A journey through the history of mining belongs where? Exactly, right underground! The Queen Louise Mine in Zabrze, Poland, is a perfect example of this because actually most of the action takes place underground. The guided tour starts in the pithead baths of the Carnall mine shaft, which already has a lot to offer on the surface like the wide view from the still preserved headstock, the shiny black straight-twin hoisting steam engine from 1915 in the machine hall or the 6 kV switching station, today housing an exhibition on the electrification of the mining industry. Down in the mine, visitors will be witnessing, among other things, spacious passages with brick vaults, the reconstruction of an underground coal port, a gallery drilled entirely in a coal deposit, which is unique in Europe, and 20th century mining machinery in operation. Another highlight is the ride on the ‚Karlik‘ electric pit railway. And, as if that wasn't enough, boats take visitors most recently on a one kilometre tour, following an underground canal in a former drainage adit dating from the turn of the 19th century. The large children's playground right next to Wilhelmina ventilation shaft is perfect for families to end this exciting mining experience.
In 1791, Friedrich Wilhelm von Reden, head of the Higher Mining Authority in Wrocław, initiated the establishment of the Queen Louise Mine near Katowice. Historians consider this to have been the beginning of industrialization in Upper Silesia. The colliery has set records right from the start. As early as 1816 it was responsible for a quarter of Upper Silesian coal production, and in 1846 it was granted one of the region’s first railway sidings. By 1898, the sinking of further mine shafts increased the annual output to 3.3 million tons of coal. At that time the mine already included several mining fields and, within the course of the following century, developed into the Zabrze-Bielszowice colliery complex, hitting the 12,000 employee mark in the record year of 1987. A particularly outstanding feature of the Queen Louise mine is the Main Key Hereditary Adit with a length of more than 14 kilometres. It drained two national and about 20 private mines, is considered to be the longest adit in coal mining history and took 64 years to be completed - from 1799 to 1863. The adit comes to the surface right in the centre of Zabrze where it joins the Kłodnica canal, which allowed to ship the coal to Western Europe via the Oder River.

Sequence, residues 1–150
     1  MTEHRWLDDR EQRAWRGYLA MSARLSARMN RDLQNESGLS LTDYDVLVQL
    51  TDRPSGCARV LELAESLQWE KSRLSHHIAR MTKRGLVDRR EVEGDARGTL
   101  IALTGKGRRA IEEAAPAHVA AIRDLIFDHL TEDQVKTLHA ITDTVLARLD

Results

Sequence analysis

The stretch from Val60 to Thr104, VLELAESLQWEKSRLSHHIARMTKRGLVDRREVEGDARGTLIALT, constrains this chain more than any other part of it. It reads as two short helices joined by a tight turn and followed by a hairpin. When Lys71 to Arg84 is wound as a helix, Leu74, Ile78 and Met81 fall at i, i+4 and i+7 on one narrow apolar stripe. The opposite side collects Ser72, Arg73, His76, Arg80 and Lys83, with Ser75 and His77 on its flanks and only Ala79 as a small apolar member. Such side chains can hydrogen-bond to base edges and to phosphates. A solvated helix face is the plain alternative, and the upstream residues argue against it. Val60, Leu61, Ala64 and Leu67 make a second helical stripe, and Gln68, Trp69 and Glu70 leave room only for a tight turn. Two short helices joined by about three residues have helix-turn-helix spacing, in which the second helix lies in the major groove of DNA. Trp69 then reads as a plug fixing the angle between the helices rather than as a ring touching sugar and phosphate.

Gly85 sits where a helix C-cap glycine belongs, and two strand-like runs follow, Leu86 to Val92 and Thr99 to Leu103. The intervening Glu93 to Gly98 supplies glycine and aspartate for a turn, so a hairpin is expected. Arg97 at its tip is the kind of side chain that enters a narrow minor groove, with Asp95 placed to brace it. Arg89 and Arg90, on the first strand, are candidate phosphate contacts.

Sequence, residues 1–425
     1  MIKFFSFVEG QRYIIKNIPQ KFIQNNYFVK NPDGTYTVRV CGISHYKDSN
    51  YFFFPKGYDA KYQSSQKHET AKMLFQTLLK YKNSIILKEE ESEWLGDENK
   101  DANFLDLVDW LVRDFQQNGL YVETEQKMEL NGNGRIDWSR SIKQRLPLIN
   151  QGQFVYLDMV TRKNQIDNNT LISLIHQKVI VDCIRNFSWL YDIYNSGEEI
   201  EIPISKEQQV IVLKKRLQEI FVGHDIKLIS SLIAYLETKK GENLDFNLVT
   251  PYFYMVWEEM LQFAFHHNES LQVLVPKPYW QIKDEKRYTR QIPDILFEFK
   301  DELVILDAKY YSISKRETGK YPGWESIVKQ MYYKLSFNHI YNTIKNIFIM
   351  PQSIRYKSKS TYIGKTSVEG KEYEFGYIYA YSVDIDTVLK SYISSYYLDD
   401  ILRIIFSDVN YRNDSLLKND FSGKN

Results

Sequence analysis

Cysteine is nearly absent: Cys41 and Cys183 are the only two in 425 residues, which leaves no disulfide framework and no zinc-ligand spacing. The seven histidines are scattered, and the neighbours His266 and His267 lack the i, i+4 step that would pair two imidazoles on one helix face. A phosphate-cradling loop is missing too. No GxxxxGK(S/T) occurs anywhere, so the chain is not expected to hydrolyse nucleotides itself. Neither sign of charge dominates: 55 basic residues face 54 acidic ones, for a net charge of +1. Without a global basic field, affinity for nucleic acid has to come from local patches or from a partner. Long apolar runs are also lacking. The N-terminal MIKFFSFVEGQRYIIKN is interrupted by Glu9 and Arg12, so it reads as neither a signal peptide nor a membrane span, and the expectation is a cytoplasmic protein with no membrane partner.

As early as 1965, the colliery administration invited visitors to tour the underground mining operation - as a promotion to recruit young miners. In the 1990s an open air museum was built, which outlived the closure of the colliery in 1998 - after 207 years! As of 2009, both the museum and the Main Key Hereditary Adit were renovated, the latter being cleared from 20,000 tons of sludge. Today this adit, illustrating the outstanding engineering achievements of the 19th century, is once again open to visitors and conveys a vivid picture of the mine‘s history. While walking and boating, visitors experience galleries with various linings, the remains of former ports, and traces of small mining shafts. The preserved surface buildings centered around Carnall shaft attract visitors with exciting exhibitions and a top-class cultural programme.
|Recommended duration of visit:||4 Hours|
|Access for persons with disabilities:||For details see website|
|Infrastructure for children:|
|Visitor centre on site:||yes|
|Gift and book shop on site:||yes|